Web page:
We are now running a ceph cluster, which I find is awesome. Who doesn’t like distributed, easily scalable storage pools?

However, the ceph storage is pretty useless if the clients can’t mount it. Given that most clients talk NFS, SMB, iSCSI and not ceph, an intermediate node needs to be created for exporting ceph to the clients of the world. Enters nfsceph.

nfsceph is something I’ve written off and on over the past few weeks. It is a set of scripts that allows you to create rbds (rados block device) on ceph, maps them, formats them and exports them to the world. More concisely terms, rbd create, rbd map, mkfs.ext3, exportfs.

Let’s see how it makes our (my) life easier!


‘nfsceph create’ creates a filesystem on ceph

[root@nfs1 ~]# nfsceph create backup 10000
Creating rbd... Success.
Mapping rbd...Success.
Making filesystem...Success.
Mounting filesystem...Success.


‘nfsceph list’ lists our filesystems

[root@nfs1 ~]# nfsceph list
backup 10.48576 GB


‘nfsceph export <filesystem> <ip>’ nfs exports a filesystem to the ip specified
‘nfsceph export’ shows the exports you have

[root@nfs1 ~]# nfsceph export backup
[root@nfs1 ~]# nfsceph export

At this point, the filesystem is ready to be mounted on the client. You can specify multiple clients, and also netblock (

More Information

The ceph rbd is mounted on /dev/rbd<x>

[root@nfs1 ~]# mount | grep backup
/dev/rbd6 on /export/backup type ext3 (rw)

The filesystem is exported with the following options for best performance and compatibility.

[root@nfs1 ~]# exportfs -v | grep backup

There’s also a set of initscripts that saves the current state to a file, and makes the exports persistent across reboot. If you’d like to play with it, the source can be found on github.

With this architecture, we can scale out quite easily by just adding more intermediate nodes to ease the load. Cheap, (practically) unlimited NFS storage. Awesome. 🙂


Building a large storage for SoC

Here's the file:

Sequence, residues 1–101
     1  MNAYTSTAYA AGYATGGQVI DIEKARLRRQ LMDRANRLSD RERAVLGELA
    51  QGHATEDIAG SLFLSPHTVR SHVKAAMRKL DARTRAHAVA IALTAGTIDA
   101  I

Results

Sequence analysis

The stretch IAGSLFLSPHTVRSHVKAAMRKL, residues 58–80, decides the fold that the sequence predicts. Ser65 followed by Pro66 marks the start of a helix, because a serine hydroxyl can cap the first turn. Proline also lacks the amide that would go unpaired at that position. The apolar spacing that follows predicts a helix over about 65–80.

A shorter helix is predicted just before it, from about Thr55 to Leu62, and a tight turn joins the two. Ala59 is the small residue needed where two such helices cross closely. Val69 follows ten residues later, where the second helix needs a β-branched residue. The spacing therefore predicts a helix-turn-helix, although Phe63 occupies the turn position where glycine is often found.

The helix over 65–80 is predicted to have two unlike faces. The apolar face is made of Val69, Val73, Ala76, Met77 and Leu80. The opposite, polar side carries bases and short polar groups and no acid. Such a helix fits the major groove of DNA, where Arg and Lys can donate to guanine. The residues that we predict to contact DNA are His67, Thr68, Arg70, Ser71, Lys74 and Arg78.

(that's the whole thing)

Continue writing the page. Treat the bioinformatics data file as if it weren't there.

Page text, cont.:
Someone once told me a interesting quote – “data grows to encompass all storage”. Although drives are getting bigger, things we store gets bigger too. For home users, this is probably fine – a 3TB external USB drive just sets you back a $100 or so. However, for enterprise storage, the growing storage is not so simple. We can’t just simply hook up 1000s of USB external drives, and hope for them to work.

Enterprise storage is crazily expensive, probably 10 to 20 times more expensive than commodity USB storage. With that in mind, and future requirements coming in (dropbox anyone?), we have decided to roll our own distributed storage to enable us to meet the computing requirements of the near future.

Our basic idea is simple. Run a distributed file system that provides the backend storage. Multiple services can layer on top of it to provide different services, e.g. NFS, SMB, volume and block storage.

We have decided to go with Ceph, as it can provide both object, block and filesystem storage. Ceph also integrates nicely with OpenStack, providing the block storage layer for OpenStack volumes. This means that a user on SoC cloud can spin up a VM, and attach a separate (bigger) volume (e.g. /dev/vdb) to it. The OS of the VM still remains on the physical machine, which the (bigger) volume is in the more redundant large storage, insulated from any single machine failure.